How would you describe your current job and what do you like best about it?
All three of my plays, my last novel and the one I’m now writing feature real historical figures. This involves tracking down their haunts and spending days trawling through records in libraries, archives and online. Each small discovery is a thrill, as is the creative alchemy that turns these disconnected fragments into living, breathing characters.
Writing is like daydreaming with a keyboard, followed by hours of painstaking technical refinement – and that, too, has its pleasures.
What was your first ever job?
If you don’t count teenage waitressing and shopwork, it was reporting for a small-town evening newspaper. Crime, fires, strikes, courts, “human interest”: I did it all. I loved the inky glamour of hanging around in bars sniffing out stories, meeting all kinds and classes of people, walking into situations I’d never have experienced otherwise. It’s still providing me with material as a writer.
Has there been a particular person or an opportunity that you feel has made the most difference to your career?
Getting dumped by my boyfriend in my final year at university. Feeling guilty, he fixed me up with a temporary (and it emerged, unpaid) job as Bill Buford’s gofer on Granta magazine. Many years later, working at Scotland on Sunday, I answered a colleague’s phone and recognised Bill’s voice. Was I writing anything? Could he see it? He passed the manuscript on to a literary agent he knew. In due course, my first novel was published by Secker and Warburg.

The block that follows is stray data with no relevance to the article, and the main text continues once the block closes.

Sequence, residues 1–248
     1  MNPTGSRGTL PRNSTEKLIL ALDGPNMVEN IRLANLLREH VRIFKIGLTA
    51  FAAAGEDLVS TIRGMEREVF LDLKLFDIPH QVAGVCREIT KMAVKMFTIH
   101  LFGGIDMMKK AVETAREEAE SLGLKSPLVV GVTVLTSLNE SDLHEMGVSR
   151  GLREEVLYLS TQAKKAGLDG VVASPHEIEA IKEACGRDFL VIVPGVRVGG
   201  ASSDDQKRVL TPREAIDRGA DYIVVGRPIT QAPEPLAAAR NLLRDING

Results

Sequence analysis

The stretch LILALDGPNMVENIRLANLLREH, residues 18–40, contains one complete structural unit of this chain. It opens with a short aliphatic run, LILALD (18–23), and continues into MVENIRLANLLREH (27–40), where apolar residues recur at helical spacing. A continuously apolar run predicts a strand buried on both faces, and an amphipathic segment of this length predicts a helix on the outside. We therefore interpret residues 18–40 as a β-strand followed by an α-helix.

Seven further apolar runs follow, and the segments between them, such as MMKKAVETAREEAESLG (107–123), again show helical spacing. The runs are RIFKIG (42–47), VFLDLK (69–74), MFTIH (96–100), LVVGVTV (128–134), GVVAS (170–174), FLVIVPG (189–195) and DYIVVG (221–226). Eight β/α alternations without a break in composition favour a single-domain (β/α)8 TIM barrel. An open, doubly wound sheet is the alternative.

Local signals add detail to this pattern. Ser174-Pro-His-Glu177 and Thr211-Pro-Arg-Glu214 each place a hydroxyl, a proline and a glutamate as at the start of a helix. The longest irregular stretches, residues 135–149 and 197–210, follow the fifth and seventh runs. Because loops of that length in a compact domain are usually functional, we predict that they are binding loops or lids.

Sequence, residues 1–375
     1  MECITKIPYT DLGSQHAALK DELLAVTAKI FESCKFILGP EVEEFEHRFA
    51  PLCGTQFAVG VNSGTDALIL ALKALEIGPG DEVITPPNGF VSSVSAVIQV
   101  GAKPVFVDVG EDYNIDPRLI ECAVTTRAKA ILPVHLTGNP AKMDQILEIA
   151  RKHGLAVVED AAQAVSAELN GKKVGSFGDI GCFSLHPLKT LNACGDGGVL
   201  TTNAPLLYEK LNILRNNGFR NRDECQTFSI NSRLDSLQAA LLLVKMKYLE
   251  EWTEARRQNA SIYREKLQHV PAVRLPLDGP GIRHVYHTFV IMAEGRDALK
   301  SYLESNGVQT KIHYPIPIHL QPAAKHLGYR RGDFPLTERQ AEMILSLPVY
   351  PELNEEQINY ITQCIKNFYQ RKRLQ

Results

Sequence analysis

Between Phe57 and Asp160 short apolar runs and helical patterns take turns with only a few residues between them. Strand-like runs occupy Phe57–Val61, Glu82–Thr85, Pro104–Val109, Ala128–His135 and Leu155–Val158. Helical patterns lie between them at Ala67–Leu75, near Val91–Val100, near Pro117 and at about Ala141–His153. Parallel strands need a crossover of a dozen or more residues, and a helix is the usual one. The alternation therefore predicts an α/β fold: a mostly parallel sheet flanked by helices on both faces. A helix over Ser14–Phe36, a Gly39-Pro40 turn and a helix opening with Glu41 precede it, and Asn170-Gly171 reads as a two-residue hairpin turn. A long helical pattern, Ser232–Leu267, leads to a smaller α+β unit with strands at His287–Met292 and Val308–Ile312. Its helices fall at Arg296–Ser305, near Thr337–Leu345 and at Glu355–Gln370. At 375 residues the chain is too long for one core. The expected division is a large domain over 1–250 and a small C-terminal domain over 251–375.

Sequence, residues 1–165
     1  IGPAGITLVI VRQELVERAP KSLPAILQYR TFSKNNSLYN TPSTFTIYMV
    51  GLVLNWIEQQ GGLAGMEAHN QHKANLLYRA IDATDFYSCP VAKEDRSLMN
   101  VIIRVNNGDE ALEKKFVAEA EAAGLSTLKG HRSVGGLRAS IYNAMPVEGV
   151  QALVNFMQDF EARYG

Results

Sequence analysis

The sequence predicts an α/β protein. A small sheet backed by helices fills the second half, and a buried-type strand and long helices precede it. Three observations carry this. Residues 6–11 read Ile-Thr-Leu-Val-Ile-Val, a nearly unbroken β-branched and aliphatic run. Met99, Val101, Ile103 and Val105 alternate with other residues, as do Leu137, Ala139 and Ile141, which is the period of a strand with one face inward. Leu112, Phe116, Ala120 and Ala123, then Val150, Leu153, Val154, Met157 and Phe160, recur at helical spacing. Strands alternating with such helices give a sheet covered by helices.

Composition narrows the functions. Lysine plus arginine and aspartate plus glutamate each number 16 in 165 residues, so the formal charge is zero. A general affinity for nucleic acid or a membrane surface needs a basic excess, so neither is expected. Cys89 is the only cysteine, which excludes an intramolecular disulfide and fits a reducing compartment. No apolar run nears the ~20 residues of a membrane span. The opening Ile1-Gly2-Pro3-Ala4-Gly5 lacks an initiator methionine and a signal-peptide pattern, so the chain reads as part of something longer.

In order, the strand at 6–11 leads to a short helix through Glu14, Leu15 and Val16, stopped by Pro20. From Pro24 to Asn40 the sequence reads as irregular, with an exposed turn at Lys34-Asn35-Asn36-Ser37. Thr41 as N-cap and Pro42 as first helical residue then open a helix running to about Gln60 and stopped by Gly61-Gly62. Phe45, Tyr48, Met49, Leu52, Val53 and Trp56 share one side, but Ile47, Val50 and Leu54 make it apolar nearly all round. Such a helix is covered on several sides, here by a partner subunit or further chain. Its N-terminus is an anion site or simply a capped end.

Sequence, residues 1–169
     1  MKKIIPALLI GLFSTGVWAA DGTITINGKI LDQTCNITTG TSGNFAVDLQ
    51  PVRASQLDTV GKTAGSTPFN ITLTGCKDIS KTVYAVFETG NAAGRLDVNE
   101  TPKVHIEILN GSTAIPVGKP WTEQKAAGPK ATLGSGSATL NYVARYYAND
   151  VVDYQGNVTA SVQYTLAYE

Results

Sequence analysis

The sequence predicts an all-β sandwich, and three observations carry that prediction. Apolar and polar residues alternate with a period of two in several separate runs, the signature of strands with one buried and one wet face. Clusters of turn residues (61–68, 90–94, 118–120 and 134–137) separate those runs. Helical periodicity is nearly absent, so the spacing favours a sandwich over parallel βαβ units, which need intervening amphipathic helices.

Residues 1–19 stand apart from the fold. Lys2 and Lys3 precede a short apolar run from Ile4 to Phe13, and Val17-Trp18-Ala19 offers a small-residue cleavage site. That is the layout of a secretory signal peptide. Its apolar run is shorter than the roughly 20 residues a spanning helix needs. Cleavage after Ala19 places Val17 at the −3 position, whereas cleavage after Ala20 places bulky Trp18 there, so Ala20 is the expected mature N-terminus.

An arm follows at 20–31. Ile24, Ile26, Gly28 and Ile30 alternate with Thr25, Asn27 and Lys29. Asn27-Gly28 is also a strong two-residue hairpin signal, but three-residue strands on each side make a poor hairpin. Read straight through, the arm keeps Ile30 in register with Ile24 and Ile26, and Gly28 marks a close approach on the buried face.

More recently, I’ve learned a huge amount about theatre from working with Muriel Romanes to develop my script, Cat and Mouse.
What do you like the best about working within theatre?
I love the way working with actors challenges you as a writer, the endless attention to detail they bring to a role. What is X feeling here? Why does he say this? It’s exciting when an actor takes your words and finds the exact tone of voice to bring out the humour/pathos/ambivalence etc of the line. Even more of a thrill when s/he finds a nuance in the line that you didn’t intend yet is absolutely right for that character.
What has been your favourite theatre production and why?
Watching Ian Richardson play Richard II for the RSC when I was 13 launched a lifelong love affair with Shakespeare’s language. I was impressed by the mash-up of Christopher Marlowe’s 16th century text and YBA hipsterdom in Hampstead Theatre’s Faustus (2006). The extraordinary use of water in the set helped make Dundee Rep’s Further than the Furthest Thing (2012) utterly spellbinding. But if I could only see one production again it would be Theatre de Complicite’s Street of Crocodiles (1992). Books turned into flocks of birds, characters walked down walls, and tears ran down my face.
What advice would you give emerging female writers in the arts today?
1) say yes to every offer and give each project everything you’ve got. One opportunity often leads to another. Luck plays a huge part in any writing career – but you have to make the most of that luck when it comes your way.
2) cultivate a trusted circle of readers who will give you honest feedback before you send your writing out into the world.
Who would your Stellar Quine of the month be and why?
Muriel Romanes has already been Quine of the Month, but if anyone deserves two shots at it, it’s Muriel. Ever open to new voices, immensely experienced, generous, collaborative, ingenious, inspired: a theatre maker to her very bones.
Ajay Close has a new novel Trust out now published byTippermuir Books Limited